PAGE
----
— with Jacob Magid
Prime Minister Benjamin Netanyahu addresses the demonstrations against him in the coronavirus cabinet meeting, according to Channel 12.
“For a long time, I refrained from commenting on the issue but after I heard the experts say that gatherings are a huge danger to public health, it’s my obligation to address it,” he says. “The entire public is required to comply with the rules and only a group of protesters is exempt from the [law].”
The protests, held several times weekly outside his Jerusalem residence, have not been curtailed despite the lockdown. The attorney general has laid out rules to spread out protesters during the rallies into “capsules,” but that did not appear to be implemented during last Saturday’s protest, which drew thousands even as the country was under lockdown.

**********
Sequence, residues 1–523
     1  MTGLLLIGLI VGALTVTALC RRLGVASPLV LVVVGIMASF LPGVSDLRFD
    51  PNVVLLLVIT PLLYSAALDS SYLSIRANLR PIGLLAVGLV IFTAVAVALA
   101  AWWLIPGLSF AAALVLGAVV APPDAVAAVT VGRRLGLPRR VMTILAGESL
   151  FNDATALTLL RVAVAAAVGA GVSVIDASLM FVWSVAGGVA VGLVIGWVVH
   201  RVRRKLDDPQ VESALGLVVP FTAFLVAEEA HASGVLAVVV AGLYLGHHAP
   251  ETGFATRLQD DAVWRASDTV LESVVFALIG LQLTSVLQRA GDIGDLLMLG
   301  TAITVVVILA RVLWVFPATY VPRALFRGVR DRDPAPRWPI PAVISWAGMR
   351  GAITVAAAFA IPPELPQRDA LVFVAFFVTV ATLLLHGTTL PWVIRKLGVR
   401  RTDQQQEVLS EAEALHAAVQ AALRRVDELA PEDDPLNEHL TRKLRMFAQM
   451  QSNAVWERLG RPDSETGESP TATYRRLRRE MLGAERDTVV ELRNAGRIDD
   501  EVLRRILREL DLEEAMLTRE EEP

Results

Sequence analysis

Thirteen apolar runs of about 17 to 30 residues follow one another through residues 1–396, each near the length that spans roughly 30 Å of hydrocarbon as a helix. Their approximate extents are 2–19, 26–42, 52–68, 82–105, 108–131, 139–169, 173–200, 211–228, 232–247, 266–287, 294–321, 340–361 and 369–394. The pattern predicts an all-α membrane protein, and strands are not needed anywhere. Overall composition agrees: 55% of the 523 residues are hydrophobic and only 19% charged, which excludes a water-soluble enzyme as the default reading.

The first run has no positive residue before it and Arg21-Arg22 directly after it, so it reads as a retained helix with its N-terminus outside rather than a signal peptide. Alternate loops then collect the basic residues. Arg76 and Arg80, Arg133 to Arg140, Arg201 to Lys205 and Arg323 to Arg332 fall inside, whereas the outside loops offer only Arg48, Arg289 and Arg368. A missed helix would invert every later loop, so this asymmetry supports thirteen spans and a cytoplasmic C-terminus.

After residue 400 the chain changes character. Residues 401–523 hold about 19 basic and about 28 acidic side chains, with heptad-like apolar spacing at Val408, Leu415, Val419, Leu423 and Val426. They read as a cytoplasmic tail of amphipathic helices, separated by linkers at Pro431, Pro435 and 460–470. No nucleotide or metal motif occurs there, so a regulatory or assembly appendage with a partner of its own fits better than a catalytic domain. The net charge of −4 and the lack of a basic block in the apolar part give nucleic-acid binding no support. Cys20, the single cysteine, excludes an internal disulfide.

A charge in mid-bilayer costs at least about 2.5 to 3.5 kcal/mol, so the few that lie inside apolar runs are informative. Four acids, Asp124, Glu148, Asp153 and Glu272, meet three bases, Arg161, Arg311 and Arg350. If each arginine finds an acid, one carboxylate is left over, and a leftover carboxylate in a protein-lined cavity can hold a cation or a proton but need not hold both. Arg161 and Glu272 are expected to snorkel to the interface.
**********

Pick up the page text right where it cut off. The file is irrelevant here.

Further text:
“You can go to the Western Wall only if you live within 1,000 meters, but to Balfour [street], you can come from around the country. This farce must end. This is an emergency and we must have one rule for both prayer and protests and all other gatherings. Otherwise, the public won’t listen to the rules and we will see the infection rate reach terrible levels,” Netanyahu is quoted saying.
Lawmakers from the left-wing Meretz party defend the mass demonstrations against Prime Minister Benjamin Netanyahu which have been held despite soaring coronavirus rates and a nationwide lockdown.
“Twenty-eight thousand newly unemployed in the past day alone. But the protests [are the problem],” tweets Tamar Zandberg sardonically.
MK Nitzan Horowitz tweets: “My position is clear: Precisely in times of crisis, we have an obligation to uphold the right to protest and demonstrate.”
Prime Minister Benjamin Netanyahu’s aides are suing former prime minister Ehud Barak, journalist Uri Misgav, and Ravit Naor for libel over claims they staged fake footage and planted demonstrators in the rallies against the premier to create a provocation.